A Washington Post report has cited Ukrainian and European officials claiming that a Ukrainian military officer was involved in the sabotage operation against Russia’s Nord Stream gas pipelines in the autumn of 2022. The report states that a Ukrainian colonel, Roman Chervinsky, played a key role in managing logistics and support for a six-person sabotage team that carried out the attack.
Chervinsky, 48, had a background in Ukrainian intelligence and the military and was reportedly involved with a Special Operations Forces unit responsible for coordinating sabotage and subversive activities. He also held senior positions in Ukrainian military intelligence and the national security service (SBU). Chervinsky reported to Major General Viktor Hanushchak, who communicated directly with Ukraine’s top military commander, General Valery Zaluzhny.
The Washington Post stressed that Chervinsky did not lead the Nord Stream sabotage operation and did not act alone; he was acting on orders from more senior Ukrainian officials reporting to Zaluzhny. Chervinsky denied any involvement in the sabotage operation through his attorney, who stated that speculations about his involvement were being spread by Russian propaganda without any basis. Additionally, he was arrested in April 2023 on charges of abusing his power in another Ukrainian intelligence operation, which he claimed was politically motivated.
In a separate report, German media outlets stated that all evidence in the Nord Stream sabotage case pointed to Ukraine. The report also quoted German broadcaster ZDF, which suggested that the clues pointing to Ukraine were particularly convincing. However, there was no reliable evidence to suggest that Russia was behind the attack.
The Nord Stream 1 and 2 pipelines were destroyed by underwater explosions off the Danish island of Bornholm in September 2022. According to Western media outlets, evidence uncovered in the case pointed to Ukraine, while Kiev has denied involvement in the incident. Reports indicated that a group of saboteurs chartered a yacht using a fake passport and used it to transport explosives to the site where the Nord Stream pipelines were destroyed. German media also reported that the group responsible for chartering the yacht had been in Ukraine before and after the explosions took place.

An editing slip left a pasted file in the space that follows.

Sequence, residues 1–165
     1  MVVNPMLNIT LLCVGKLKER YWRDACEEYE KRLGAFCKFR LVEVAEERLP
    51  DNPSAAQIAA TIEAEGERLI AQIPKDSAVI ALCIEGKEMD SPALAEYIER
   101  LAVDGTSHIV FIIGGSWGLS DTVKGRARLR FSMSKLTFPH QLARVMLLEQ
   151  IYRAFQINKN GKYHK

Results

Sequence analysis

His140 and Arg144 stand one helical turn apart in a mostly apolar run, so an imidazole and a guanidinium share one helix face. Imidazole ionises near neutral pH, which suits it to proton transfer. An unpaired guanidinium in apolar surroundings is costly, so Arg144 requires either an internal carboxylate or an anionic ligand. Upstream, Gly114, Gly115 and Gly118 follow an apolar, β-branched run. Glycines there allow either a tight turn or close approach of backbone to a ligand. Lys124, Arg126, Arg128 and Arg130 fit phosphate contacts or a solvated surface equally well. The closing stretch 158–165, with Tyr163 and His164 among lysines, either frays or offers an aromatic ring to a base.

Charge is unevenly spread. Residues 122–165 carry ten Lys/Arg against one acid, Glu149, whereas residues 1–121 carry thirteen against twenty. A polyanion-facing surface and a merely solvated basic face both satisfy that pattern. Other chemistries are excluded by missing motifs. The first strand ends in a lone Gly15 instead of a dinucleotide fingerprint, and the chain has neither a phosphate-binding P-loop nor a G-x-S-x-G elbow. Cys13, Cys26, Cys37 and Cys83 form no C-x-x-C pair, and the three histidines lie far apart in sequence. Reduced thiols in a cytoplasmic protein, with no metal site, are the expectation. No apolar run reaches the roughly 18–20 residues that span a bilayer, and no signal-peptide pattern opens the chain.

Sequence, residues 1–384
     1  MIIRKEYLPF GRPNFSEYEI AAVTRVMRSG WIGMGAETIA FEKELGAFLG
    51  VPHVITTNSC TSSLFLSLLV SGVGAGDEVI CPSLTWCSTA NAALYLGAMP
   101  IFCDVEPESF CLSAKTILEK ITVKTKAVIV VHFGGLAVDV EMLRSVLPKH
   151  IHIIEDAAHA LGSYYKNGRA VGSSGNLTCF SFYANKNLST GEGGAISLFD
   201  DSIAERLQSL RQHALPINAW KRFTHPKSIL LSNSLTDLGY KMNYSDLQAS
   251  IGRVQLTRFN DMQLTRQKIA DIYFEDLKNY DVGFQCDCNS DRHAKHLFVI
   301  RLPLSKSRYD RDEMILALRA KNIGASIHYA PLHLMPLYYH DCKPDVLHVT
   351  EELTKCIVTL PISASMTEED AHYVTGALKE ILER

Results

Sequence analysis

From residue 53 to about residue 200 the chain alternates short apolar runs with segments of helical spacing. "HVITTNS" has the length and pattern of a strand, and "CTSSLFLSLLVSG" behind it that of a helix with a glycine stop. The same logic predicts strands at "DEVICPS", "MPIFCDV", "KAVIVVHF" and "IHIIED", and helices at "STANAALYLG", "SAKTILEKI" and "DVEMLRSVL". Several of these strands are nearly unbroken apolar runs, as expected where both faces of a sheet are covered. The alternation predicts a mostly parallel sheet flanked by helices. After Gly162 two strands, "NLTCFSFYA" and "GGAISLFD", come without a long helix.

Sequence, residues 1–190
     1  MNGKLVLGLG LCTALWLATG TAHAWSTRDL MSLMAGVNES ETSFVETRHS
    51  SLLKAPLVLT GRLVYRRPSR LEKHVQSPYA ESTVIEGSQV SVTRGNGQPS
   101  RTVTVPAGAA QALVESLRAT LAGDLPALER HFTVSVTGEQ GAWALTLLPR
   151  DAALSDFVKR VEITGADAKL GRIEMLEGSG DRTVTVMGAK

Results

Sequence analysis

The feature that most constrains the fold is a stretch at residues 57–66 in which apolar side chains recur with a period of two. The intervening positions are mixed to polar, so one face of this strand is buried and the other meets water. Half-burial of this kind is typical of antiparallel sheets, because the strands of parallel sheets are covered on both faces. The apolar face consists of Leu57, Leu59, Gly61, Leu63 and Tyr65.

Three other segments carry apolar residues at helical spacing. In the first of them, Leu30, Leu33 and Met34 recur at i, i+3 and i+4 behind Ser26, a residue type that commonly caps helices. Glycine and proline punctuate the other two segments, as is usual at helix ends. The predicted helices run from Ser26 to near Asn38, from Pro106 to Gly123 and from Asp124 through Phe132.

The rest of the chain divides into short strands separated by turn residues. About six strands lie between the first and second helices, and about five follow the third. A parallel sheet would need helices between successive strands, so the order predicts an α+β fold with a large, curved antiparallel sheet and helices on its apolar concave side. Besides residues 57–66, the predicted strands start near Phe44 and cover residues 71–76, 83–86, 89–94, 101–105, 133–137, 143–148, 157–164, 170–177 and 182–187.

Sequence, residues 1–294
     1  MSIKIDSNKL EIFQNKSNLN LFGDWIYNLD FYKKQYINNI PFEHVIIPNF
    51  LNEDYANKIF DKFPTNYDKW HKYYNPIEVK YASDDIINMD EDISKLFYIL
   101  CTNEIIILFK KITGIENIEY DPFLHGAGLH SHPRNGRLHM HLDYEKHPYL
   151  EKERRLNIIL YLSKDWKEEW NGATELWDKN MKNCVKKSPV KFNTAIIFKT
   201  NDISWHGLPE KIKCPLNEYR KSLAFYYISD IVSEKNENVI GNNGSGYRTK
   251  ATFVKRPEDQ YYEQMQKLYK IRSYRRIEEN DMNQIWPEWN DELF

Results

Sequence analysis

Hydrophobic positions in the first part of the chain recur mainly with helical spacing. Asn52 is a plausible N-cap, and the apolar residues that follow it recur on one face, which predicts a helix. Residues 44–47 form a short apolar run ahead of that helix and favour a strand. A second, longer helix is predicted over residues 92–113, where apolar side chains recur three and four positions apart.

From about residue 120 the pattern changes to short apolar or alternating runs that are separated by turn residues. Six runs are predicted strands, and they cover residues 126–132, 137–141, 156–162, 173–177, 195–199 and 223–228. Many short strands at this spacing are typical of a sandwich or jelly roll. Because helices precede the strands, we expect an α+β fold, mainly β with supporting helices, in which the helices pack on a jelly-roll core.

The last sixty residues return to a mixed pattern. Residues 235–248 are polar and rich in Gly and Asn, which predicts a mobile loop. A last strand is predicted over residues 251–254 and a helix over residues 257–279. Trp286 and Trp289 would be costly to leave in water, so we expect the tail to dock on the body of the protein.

Despite probes launched by several European nations, no confirmed claims have been made about the identities of the alleged perpetrators. The officials have neither confirmed nor denied reports about the identities of those involved in the sabotage operation.
The situation surrounding the Nord Stream sabotage continues to be a topic of interest for the media and has raised geopolitical tensions between Russia and Ukraine. The case remains under investigation, and the magnitude of the impact of the sabotage has yet to be fully realized. The attack on the Nord Stream gas pipelines exemplifies the growing tensions and deep-rooted conflicts between the countries and has broader implications for energy security across Europe. The incident has also shed light on the complex web of relationships and geopolitical allegiances in the region, providing a backdrop for further analysis and discussions regarding the future of Europe’s energy landscape.